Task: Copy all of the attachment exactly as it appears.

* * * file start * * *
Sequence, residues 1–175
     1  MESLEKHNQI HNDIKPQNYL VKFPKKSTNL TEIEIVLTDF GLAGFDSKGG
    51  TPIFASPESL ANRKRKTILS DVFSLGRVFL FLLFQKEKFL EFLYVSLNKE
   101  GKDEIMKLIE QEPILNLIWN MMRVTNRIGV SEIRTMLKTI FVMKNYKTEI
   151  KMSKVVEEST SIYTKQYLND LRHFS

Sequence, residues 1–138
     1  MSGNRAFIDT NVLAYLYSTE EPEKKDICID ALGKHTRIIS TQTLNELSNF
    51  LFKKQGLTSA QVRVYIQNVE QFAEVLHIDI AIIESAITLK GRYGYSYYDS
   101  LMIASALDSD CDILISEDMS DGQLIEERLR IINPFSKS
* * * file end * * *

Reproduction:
Sequence, residues 1–175
     1  MESLEKHNQI HNDIKPQNYL VKFPKKSTNL TEIEIVLTDF GLAGFDSKGG
    51  TPIFASPESL ANRKRKTILS DVFSLGRVFL FLLFQKEKFL EFLYVSLNKE
   101  GKDEIMKLIE QEPILNLIWN MMRVTNRIGV SEIRTMLKTI FVMKNYKTEI
   151  KMSKVVEEST SIYTKQYLND LRHFS

Sequence, residues 1–138
     1  MSGNRAFIDT NVLAYLYSTE EPEKKDICID ALGKHTRIIS TQTLNELSNF
    51  LFKKQGLTSA QVRVYIQNVE QFAEVLHIDI AIIESAITLK GRYGYSYYDS
   101  LMIASALDSD CDILISEDMS DGQLIEERLR IINPFSKS